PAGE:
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artisanal film reviews | by maryann johanson

Under the Tuscan Sun (review)

All the Real Women

Oh, great day in the glorious sunshiny Tuscany morning! A movie about a woman that actual women will be able to identify with, one that’s fantastical enough to be diverting and down-to-earth enough to let us recognize ourselves in it. One that doesn’t lie and pretend that a man will save the day or romance will change your life for the better… and one that doesn’t pretend love still isn’t worth pursuing. One about the messy muddle we find ourselves in when we’ve got a world of choices and none of them seem right.

Of course, not many of us real women have the financial wherewithal to buy a villa in Tuscan on an impulse and spend a year renovating it, but that’s beside the point. The events that bring San Franciscan writer Frances there and the brick-by-brick creation of her new life have an emotional core of realism that is so precise and delicate and pinpoint accurate that it’s overwhelming, especially coming as it does as the undertone of a story that in itself if not appreciably original or even unpredictable. We can almost clock out when the big moments, the moments of triumph and disappointment, will arrive, but that doesn’t mean they aren’t emotionally overpowering. The details are nothing like my life, and yet I felt like Under the Tuscan Sun was speaking directly to me.

It’s all down to Diane Lane (Unfaithful, The Perfect Storm) as Frances, whose integrity and dignity and grounded reality turn this from something that might have been a groan-inducing, eye-rolling sop to sad gals looking for post-breakup, I-hate-my-life junk food into warm and satisfying living-the-independent-life comfort food . For all that she’s been a movie star forever, she seems like a real person onscreen, but more importantly, she seems like a grownup. None of that whinging, whiny “Life sucks, I hate men, somebody shoot me” adolescent chick-flick moping for her. It’s all heartfelt and genuine, so that even when her Frances is blindsided by the utterly unexpected collapse of her marriage, we can buy it that she — gorgeous, stunning, delicious, impossibly perfect — is worried that she’s no longer attractive, that she no longer “has it.” Her exuberance when she learns she does, in fact, still have it is too heartfelt and too explosive for her fear not to have been sincere, no matter how absurd it might seem for us on the outside looking in.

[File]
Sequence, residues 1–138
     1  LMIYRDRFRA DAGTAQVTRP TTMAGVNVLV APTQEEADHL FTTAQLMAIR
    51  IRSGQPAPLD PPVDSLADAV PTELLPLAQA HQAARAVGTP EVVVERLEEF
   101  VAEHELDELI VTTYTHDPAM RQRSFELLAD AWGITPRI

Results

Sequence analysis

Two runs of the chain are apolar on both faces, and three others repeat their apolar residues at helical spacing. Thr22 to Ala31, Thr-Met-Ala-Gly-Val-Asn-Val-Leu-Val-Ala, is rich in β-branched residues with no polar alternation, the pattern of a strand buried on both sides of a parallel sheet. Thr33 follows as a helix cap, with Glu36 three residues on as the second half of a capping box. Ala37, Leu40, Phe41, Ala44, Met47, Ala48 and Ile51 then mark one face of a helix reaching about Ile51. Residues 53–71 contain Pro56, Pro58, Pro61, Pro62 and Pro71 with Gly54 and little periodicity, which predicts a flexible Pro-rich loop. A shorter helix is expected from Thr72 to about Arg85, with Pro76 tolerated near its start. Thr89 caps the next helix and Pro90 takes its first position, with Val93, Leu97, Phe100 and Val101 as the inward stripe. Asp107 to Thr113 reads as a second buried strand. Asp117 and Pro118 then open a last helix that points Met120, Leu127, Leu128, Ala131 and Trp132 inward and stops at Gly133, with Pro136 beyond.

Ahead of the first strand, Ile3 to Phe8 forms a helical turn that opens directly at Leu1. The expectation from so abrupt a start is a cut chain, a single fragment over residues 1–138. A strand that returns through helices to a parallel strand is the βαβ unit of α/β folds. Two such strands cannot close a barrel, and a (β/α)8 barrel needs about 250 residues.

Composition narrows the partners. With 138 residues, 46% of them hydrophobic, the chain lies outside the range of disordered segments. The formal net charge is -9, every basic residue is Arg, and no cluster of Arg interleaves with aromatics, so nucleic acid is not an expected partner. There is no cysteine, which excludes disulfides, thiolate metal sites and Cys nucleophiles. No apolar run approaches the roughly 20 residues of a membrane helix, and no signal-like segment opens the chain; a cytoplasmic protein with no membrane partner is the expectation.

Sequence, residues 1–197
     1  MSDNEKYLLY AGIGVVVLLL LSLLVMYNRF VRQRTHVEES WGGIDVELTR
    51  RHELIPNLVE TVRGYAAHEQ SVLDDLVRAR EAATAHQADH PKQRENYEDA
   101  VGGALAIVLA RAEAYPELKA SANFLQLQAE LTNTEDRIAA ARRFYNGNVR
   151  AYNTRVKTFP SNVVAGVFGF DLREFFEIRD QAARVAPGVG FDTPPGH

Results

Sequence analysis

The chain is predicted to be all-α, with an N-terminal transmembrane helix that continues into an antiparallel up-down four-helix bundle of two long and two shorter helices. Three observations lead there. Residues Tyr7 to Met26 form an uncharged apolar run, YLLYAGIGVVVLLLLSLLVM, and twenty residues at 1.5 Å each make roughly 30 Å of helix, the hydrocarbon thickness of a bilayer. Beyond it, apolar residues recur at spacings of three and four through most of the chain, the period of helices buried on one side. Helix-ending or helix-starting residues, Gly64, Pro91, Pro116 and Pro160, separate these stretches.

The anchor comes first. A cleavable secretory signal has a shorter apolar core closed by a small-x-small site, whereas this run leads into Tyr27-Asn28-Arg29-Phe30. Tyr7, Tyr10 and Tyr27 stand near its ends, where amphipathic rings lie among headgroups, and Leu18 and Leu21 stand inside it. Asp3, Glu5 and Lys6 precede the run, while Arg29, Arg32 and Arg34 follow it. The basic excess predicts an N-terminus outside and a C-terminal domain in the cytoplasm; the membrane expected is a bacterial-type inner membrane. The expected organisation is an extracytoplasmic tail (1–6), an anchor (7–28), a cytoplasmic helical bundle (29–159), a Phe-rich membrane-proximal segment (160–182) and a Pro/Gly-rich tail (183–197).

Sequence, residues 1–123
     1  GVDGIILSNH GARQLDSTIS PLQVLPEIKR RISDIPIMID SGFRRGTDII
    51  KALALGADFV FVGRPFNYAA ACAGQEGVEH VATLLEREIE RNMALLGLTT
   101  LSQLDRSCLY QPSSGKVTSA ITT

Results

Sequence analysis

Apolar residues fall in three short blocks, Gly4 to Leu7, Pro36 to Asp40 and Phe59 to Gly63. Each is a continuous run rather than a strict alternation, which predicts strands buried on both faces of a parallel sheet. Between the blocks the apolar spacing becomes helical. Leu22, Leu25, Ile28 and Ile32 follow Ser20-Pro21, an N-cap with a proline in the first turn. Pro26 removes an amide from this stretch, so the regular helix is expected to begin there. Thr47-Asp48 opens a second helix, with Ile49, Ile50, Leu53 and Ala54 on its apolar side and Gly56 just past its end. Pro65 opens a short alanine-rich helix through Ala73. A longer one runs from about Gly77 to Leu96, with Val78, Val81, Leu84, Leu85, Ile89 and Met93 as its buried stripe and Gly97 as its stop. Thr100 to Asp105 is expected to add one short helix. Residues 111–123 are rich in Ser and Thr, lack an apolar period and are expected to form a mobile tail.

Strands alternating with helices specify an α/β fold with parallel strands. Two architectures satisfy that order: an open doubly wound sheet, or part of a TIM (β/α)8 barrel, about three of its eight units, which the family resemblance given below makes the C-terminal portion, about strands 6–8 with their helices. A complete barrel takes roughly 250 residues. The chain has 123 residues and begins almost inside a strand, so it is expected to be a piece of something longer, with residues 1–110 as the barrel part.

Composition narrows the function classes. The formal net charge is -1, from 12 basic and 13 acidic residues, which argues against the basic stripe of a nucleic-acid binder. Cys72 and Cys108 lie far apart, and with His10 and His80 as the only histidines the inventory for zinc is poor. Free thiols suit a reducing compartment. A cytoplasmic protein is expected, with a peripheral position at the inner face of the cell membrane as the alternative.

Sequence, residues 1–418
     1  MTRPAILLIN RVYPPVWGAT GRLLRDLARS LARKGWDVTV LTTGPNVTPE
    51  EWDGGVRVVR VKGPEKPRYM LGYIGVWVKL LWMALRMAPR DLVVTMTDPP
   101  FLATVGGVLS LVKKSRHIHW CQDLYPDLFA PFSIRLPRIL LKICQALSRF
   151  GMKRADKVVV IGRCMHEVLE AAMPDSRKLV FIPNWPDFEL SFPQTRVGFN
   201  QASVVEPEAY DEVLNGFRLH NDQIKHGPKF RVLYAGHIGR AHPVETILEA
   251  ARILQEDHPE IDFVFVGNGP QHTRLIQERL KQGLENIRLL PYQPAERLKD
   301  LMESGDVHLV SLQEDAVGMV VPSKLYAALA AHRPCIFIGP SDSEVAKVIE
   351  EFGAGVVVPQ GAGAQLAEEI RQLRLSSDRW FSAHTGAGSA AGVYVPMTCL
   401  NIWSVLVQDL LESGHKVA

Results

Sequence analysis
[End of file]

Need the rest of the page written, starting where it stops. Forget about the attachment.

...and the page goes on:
Sun, fictionalized by screenwriter/director Audrey Wells (Disney’s The Kid, George of the Jungle) from Frances Mayes memoir, reminded me, surprisingly, of Truly Madly Deeply — it’s not so devastating as Anthony Minghella’s ghost story, of course, but it follows a similar trail from loss to recovery to redemption, and exudes a similar exhilaration about the rediscovery of life along the way. Sun is a happier film, and how could it not be, filled with fields of sunflowers and cheery festivals and fabulous food and beautiful gardens. There’s little of the bittersweetness of Deeply — Frances is so betrayed by the loss of her marriage that we never see the ex-husband’s face, never even learn his name. He’s now a nonentity in Frances’s life, utterly the opposite of Deeply, and yet her sense of being at sea and unable to jumpstart her life are the same as that of Juliet Stevenson’s Deeply character. Here, though, as Frances rebuilds her life, it’s in a way that many woman — particularly single women — will recognize: dear friends become your close family, and their children and romances become part of your life, and even if and when there’s a man again, the new family never goes away.

It’s an expansive kind of optimism that fills Under the Tuscan Sun, of babies worth kissing and flowers worth sniffing and love and home and happiness worth sharing. It’s a wonderful celebration of how, when the ground shifts under her feet, one woman overcomes her fear and faces change head on, as frightening and as thrilling as change may be.


MPAA: rated PG-13 for sexual content and language

viewed at a semipublic screening with an audience of critics and ordinary moviegoers

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